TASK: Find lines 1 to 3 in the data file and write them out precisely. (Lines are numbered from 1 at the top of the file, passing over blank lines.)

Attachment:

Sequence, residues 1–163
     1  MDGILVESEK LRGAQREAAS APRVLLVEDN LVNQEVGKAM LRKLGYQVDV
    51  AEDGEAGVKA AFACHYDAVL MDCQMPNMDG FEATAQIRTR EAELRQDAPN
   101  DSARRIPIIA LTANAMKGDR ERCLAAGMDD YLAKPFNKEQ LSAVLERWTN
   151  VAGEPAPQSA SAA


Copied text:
Sequence, residues 1–163
     1  MDGILVESEK LRGAQREAAS APRVLLVEDN LVNQEVGKAM LRKLGYQVDV
    51  AEDGEAGVKA AFACHYDAVL MDCQMPNMDG FEATAQIRTR EAELRQDAPN